Hypermobility and exercise: What you should know

I often say that being hypermobile is like being part of a secret society that you never asked to join. This is definitely the case with hypermobility and exercise.

You have a bunch of body challenges that non hypermobile people will never understand. Sometimes you wonder if you’re imagining things until you meet other hypermobile humans who confirm that you’re not alone.

To be clear: Your experiences are valid and your challenges are real. Hypermobility affects far more than your joints and it can have a major impact on your fitness experience. 

With that, let’s dive into the real talk about hypermobility and fitness.

Hypermobility and Exercise Challenge #1: Reduced body awareness

It’s not uncommon for hypermobile humans to have issues with proprioception – aka body awareness. 

If you’re unfamiliar with the term, proprioception is your body’s GPS system.

It’s your ability to sense where your joints are in space. For us hypermobile folks, it can feel a lot more like MapQuest than Waze. 

How does this relate to fitness, pain and injury?

Muscles respond to position and load – aka the amount of weight or resistance being applied. If you can’t feel where you are it may mean struggling to feel your muscles engage. It can also mean hanging out in the end range of your joints and difficulty moving with control.

These things don’t necessarily mean you’re going to damage your joints or that a movement is dangerous. However, it may result in the experience of pain, because joints don’t like to be loaded without muscular support. 

This can make hypermobility and exercise a challenging combination. It can also be really scary to hear, so let’s talk about what you can do about this.

The good news is that proprioception can be improved! Once you can better sense your joint position, you tend to move with more control, have better muscle engagement, and may experience less pain.

Ways to improve body awareness during exercise when you’re hypermobile:

  • Make friends with props. Props are not just for “modifications.” They are actually a way to give your brain feedback on where your joints are in space. More feedback = better control and more muscle engagement. All good things!
  • Add load / weight. I’m not suggesting that you use a weight that you don’t feel like you can control. The weight should just be heavy enough that you feel your muscles after a few reps. Load = more feedback and often makes an exercise feel EASIER even though it’s more physical “work.” 
  • Body mapping through ball rolling, foam rolling, nerve flossing, and “stability” exercises. All of these things can calm things down when our joints and muscles feel tight or sensitive. They also your brain information on where your body is in space. More info = more accurate movement. This can be a great thing to do as a prep or cool down for strength training. 😉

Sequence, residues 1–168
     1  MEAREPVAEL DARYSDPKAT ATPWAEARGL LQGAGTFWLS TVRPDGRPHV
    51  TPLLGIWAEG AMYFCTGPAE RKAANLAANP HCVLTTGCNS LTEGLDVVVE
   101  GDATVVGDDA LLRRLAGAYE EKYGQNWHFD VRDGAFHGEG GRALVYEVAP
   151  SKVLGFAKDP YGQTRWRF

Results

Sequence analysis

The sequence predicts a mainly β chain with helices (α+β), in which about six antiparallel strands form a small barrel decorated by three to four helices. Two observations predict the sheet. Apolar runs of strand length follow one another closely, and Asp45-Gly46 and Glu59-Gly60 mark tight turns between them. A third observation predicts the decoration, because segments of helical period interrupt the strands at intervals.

Hypermobility and Exercise Challenge #2: Issues with Recovery and Fatigue

Once again, that exhaustion and excessive soreness is not in your head.

Please note that reasons for fatigue extend beyond what I am covering below. However, there’s only so much I can cover in one post. I also cover this topic in a podcast with physical therapist and hypermobility expert Dr. Melissa Koehl.

Hypermobile humans are more likely to get delayed onset muscle soreness DOMS. We’re also prone to central nervous system (CNS) fatigue after exercise. CNS fatigue is when the motor neurons that cause your muscles to fire get exhausted and you feel like you were hit by a truck.

And you probably don’t need me to tell you that “just powering through” will almost always make you feel worse.

Ways to manage soreness and fatigue for hypermobility and exercise

  • Do fewer exercises, with lower reps and moderate weight. This is often referred to as low volume programming! CNS fatigue and DOMS are often made worse by high reps even with low weight. It may seem counterintuitive, but doing fewer exercises for fewer reps with a moderate weight will give you better recovery and results, and less exhaustion.
  • Follow a program that uses progressive overload and repeats exercises over time. Yes, you may need to progress in weights and reps slower than the average person, but that’s okay! What’s cool about repeating exercises is that the more you do them (with appropriate recovery, re the first bullet point), the more your nervous system will deem them as “safe” and the better adapted you’ll be. This means over time, you will start to see clear improvements in fitness without being so damn exhausted. 
  • Leave a little in the tank. Whether it’s cardio or strength training, you don’t need to max out to see results. You just need enough challenge to create positive adaptations. While this takes some practice, over time you’ll be able to find a balance between appropriate challenge without total exhaustion. And if you’re not sure, it’s okay to take the less is more approach!